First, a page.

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El Paso Women Gained Power in LULAC
By Ernestina Muñoz, Alisandra Mancera, Alma Fajardo, Mayra Garcia and Adrianna Alatorre
"When LULAC was founded in 1929,the main focus was educate, educate, educate, but the fact was they [LULAC] also sought to champion the rights of all people, particularly Hispanics in the United States. LULAC's course was either in the courts or at the ballot box," said Belen Robles in a May 2006 interview. A U.S. Customs inspector from El Paso, Robles was the first and only female president of the national organization in the 77-year history of the League of United Latin American Citizens or LULAC. (See Borderlands article and video history interview with Ms. Robles.)
In 1929, membership was not open to women. Instead, the women established auxiliaries which helped them gather and talk about their concerns in the community. It was not until 1933 that the League allowed women to organize actual chapters, replacing the auxiliaries. The women fought against many odds to be recognized as independent chapters and not simply auxiliaries to the men's councils throughout the league. The first Ladies LULAC chapter in El Paso was Council 9, organized by Esther Machuca, Amada Valdez and others in May 1934.
The main concerns of Ladies LULAC were children's education, women's issues and the health and well-being of the elderly. As treasurer of Council 9 in 1936, Esther Machuca helped to raise money for scholarships, aided Hispanic voters to register and pay poll taxes and placed volunteers in local clinics, according to Cynthia E. Orozco, writing in the Texas Handbook . Machuca also published the LULAC News in May 1939, which was sponsored and organized by Ladies LULAC councils throughout the league.
The well-being of children concerned Esther Machuca, especially that of the little ones in the tuberculosis wards at Thomason Hospital. According to Robles, Machuca would sit with children of low-income families while their parents worked. She understood that parents could not afford to risk losing a day's pay to stay with their children in the hospital. Machuca provided companionship, toys and love to those children that otherwise would have remained alone until their parents could visit.
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Although women had organized into councils, the going was still rough. Ladies LULAC Council 9 in El Paso remained unacknowledged by the men's organization and in 1936 withdrew from the league because "of the failure of the general office to cooperate" according to Moises Sandoval, author of Our Legacy: The First Fifty Years. In 1937, under the direction of Esther Machuca, Council 9 reorganized and assumed its role as the lead women's council in Texas. In June 1938, Machuca served as official hostess at the LULAC national convention in El Paso. President Filemon T. Martinez appointed Machuca Ladies' Organizer General for Ladies LULAC, making it a national office.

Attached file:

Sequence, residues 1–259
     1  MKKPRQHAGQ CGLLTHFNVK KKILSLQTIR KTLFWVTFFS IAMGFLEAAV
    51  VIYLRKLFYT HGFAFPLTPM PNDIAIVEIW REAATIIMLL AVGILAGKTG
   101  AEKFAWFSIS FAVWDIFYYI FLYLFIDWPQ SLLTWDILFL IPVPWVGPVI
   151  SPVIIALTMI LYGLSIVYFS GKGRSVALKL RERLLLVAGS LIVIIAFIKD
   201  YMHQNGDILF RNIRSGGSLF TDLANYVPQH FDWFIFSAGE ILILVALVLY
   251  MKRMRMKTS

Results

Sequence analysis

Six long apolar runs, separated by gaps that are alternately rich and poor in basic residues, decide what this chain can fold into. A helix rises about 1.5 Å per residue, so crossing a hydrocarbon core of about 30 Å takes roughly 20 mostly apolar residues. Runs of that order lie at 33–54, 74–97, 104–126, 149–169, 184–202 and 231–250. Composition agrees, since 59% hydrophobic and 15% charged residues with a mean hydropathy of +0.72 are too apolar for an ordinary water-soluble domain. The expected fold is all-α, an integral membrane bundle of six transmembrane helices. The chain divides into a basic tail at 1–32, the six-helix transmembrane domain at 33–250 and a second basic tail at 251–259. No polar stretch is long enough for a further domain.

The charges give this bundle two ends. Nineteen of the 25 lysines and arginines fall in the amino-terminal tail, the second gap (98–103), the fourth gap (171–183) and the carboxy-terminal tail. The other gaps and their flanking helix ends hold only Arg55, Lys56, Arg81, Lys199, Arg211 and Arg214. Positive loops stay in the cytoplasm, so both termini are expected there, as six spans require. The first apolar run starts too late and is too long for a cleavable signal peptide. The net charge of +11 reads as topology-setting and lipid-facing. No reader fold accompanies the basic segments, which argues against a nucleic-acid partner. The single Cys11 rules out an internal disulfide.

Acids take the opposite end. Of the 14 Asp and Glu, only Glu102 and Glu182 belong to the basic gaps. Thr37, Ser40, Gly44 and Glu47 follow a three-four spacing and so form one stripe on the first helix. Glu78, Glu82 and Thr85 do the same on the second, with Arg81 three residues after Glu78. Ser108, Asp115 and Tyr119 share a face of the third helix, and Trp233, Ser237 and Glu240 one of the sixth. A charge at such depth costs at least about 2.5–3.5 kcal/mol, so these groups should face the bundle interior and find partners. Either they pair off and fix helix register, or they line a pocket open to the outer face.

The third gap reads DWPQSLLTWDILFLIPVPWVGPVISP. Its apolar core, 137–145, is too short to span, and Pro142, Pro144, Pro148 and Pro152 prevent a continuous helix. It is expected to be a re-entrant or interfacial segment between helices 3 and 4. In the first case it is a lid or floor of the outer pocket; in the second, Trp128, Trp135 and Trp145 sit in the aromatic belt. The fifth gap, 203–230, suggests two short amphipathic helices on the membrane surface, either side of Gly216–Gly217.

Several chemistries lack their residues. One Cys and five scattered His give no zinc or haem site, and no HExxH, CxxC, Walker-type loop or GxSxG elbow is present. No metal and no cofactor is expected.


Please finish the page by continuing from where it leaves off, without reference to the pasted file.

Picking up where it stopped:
Texas native Mrs. F. I. Montemayor of Laredo was the first woman to serve as national vice president. Sandoval quotes Montemayor as having said, "Women have come to play a vital part in the political, religious, social and cultural aspect of the modern world ...and LULAC women must realize that it is now time to get into our league and stay in it." Montemayor went on to become associate editor of LULAC News and helped organized the first Junior LULAC chapter. In her leadership positions, she helped establish the importance of Ladies LULAC throughout the organization, while advocating for women and youth.
Another prominent El Paso woman in LULAC is Lucy Acosta , who directed LULAC's Project Amistad for 25 years. Project Amistad serves elderly, at-risk and disabled adults. Through the El Paso County Indigent Guardianship Program, Project Amistad manages the housing, food and medical needs of these clients. Through another program, Project Amistad manages the financial affairs of individuals who cannot do so for themselves because of age or illness. Through its transportation program, Project Amistad sees to the transportation of disabled and elderly persons to and from their medical appointments.